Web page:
Kashmir has been a part of Bollywood films since time immemorial. There is no doubt that it is one of the most beautiful locations in the country, and filmmakers have been milking it since the start of Indian cinema. However, there has been a major shift in the way the Himalayan valleys have been represented on film. It all started after the Kashmir Insurgence of 1989.
In the first three or four decades after India’s independence, Kashmir used to be the perfect romantic location for all movies. Whether it was a romantic song or it was a honeymoon sequence or a boy-meet-girl love story, Kashmir was one of the most favourite locations for filmmakers. So much so movies like ‘Kashmir Ki Kali’ and ‘Jab Jab Phool Khile’ were even set entirely in Kashmir. Actors from Shammi Kapoor to Shashi Kapoor to Joy Mukherjee to Bishwajit were all seen romancing beautiful heroines in these Kashmir valleys.
The majority of these films focused on Kashmir's romantic, serene, and escapist nature. The key scenes featured lush green rolling hills and verdant meadows, gently flowing streams, snow-capped mountains and nature in all its splendour. It was an escapism land, removed from the conflict and was strangely kept depoliticised in the movies. Kashmiri characters were also portrayed in a generalised and non-religious manner like the houseboat owners, generic tribal characters, or simply local residents engulfed by their beautiful surroundings, and many other such characters.
The location was so much in demand that, at a time, there were at least six-seven shoots happening in Kashmir. The number went up more so during the winters when all the locales used to get covered in snow. There was a colloquial saying from that period which stated that the entire film industry used to be chilling together in Kashmir during the winters.
Despite the 1965 and the 1971 Indo-Pak war, there was hardly any hatred or any separatist behaviour shown till the start of the 1990s. Things slowly started changing in Kashmir after the Insurgency of 1989.
Films started moving away from the romantic feels of Kashmir and moved more towards the serious politics of the state. From being the backdrop, Kashmir suddenly became the main plotline of the story. The gentle happy go lucky attitude of the Kashmiri locals gave way to characters who were shown as potential terrorists. Very quickly the romance and love gave way to guns and danger. The shots of tribal women grazing sheep in the valley were soon changed to heavily armed forces. It seemed like the entire snow-capped mountains had suddenly started dripping blood.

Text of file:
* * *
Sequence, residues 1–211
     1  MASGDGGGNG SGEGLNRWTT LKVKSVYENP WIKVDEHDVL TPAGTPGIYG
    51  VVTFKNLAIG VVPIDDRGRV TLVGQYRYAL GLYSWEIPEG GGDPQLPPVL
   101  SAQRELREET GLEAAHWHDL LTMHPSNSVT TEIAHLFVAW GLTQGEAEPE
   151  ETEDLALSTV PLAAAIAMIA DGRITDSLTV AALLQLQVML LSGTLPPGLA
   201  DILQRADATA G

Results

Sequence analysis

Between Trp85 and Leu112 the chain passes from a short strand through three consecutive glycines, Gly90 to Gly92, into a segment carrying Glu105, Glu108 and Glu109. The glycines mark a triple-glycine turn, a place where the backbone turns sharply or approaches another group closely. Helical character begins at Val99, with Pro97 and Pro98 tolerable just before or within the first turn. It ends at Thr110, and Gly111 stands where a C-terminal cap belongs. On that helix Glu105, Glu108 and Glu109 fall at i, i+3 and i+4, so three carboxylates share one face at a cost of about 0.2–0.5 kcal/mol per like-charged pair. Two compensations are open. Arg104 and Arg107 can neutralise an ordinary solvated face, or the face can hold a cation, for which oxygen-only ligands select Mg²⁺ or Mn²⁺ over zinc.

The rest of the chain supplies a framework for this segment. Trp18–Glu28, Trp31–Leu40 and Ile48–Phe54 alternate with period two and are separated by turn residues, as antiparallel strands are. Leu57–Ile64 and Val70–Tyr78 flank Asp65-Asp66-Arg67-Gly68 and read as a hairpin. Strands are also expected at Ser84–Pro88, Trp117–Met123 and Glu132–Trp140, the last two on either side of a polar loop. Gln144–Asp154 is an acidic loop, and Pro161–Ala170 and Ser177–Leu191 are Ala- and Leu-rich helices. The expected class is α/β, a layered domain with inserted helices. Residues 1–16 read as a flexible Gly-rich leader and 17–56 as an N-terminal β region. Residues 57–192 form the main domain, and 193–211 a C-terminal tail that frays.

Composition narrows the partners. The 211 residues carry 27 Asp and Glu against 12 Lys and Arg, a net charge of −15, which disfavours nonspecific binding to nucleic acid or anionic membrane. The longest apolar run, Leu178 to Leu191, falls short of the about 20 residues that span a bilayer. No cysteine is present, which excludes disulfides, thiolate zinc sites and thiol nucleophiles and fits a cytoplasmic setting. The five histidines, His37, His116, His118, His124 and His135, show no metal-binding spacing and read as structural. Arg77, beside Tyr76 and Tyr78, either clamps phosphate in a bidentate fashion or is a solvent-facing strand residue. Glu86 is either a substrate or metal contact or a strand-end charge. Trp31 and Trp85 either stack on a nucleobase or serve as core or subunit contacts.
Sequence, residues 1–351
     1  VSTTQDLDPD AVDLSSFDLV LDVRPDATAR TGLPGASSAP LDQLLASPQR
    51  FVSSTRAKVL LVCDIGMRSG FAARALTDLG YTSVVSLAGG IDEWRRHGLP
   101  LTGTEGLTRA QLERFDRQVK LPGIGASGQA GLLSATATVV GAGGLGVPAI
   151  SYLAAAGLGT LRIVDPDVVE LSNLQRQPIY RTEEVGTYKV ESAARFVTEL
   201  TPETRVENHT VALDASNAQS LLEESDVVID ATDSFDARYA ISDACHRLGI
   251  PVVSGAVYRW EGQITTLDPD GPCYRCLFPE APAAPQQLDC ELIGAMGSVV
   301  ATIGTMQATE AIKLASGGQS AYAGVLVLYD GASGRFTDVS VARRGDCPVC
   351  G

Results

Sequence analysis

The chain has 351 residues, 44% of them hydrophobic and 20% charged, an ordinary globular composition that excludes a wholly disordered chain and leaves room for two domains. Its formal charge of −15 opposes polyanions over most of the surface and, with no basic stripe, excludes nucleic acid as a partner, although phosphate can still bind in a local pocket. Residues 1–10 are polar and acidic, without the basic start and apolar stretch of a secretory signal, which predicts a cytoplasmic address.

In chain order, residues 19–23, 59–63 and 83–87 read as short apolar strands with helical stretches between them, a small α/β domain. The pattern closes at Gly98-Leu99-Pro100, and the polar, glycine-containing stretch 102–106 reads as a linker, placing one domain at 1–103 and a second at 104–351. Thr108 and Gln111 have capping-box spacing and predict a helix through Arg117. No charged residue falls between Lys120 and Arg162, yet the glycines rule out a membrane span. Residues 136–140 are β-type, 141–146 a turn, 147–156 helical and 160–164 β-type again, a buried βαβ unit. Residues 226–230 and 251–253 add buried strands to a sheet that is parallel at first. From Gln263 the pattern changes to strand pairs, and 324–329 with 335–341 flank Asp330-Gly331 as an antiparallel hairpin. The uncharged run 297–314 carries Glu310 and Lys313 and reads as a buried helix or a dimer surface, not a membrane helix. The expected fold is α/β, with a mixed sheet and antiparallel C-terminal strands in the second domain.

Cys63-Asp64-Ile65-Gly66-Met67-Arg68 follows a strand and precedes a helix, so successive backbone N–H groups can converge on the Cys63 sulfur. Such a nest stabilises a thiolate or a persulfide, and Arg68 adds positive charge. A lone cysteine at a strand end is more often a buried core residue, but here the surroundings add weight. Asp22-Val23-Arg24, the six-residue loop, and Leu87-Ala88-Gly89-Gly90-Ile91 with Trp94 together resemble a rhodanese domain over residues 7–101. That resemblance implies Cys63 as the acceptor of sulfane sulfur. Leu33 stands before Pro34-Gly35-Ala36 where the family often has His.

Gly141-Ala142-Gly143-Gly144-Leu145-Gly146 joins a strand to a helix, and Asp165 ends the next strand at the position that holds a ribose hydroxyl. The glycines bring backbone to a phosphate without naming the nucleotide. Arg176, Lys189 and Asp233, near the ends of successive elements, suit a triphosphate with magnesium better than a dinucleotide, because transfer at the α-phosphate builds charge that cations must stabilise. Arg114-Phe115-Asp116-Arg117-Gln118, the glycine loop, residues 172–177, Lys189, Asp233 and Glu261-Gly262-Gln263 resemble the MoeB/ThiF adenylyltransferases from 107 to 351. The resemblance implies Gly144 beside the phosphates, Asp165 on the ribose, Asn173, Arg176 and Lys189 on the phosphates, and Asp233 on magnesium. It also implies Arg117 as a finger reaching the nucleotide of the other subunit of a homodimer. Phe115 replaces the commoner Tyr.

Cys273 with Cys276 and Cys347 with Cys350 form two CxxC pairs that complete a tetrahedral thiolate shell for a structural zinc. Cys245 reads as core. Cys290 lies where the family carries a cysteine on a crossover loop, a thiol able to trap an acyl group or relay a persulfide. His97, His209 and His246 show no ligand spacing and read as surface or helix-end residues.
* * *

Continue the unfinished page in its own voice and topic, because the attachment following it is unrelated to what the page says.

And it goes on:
Films like ‘Roja’ and ‘Dil Se’ pushed the boundaries to showcase this narrative. ‘Border’ and ‘LoC: Kargil’ went on to show actual wars. ‘Mission Kashmir’, ‘Fanaa’, ‘Fiza’ brought to light the narrative of the deprived and wronged Kashmiri youth. Many of these films were lapped onto by the audiences whereas many of these went on to become dead turkeys at the box-office as well.
While in the late 2000s this impetus towards films based in Kashmir had somewhat taken a backseat. But once again, it again came to the forefront with ‘Haider’, ‘Fitoor’, ‘Raazi’, ‘Shikaara’, 'Hamid' and ‘Shershah’, in the last few years.
Also, with the advent of OTT platforms, there are numerous shows that are coming up every second day, and they all try to sell some or the other aspects of this perception of Kashmir to the audiences.
It’s not that we haven’t had anything romantic in Kashmir, but it has been far and few between. ‘Jab Tak Hai Jaan’ and ‘The Notebook’ tried to bring back the age-old romance of Kashmir. With more and more new-age filmmakers moving away from the big cities and going towards rural towns to shoot their projects, it shouldn’t be long before we once again start seeing the romance return to this ‘heaven on earth’.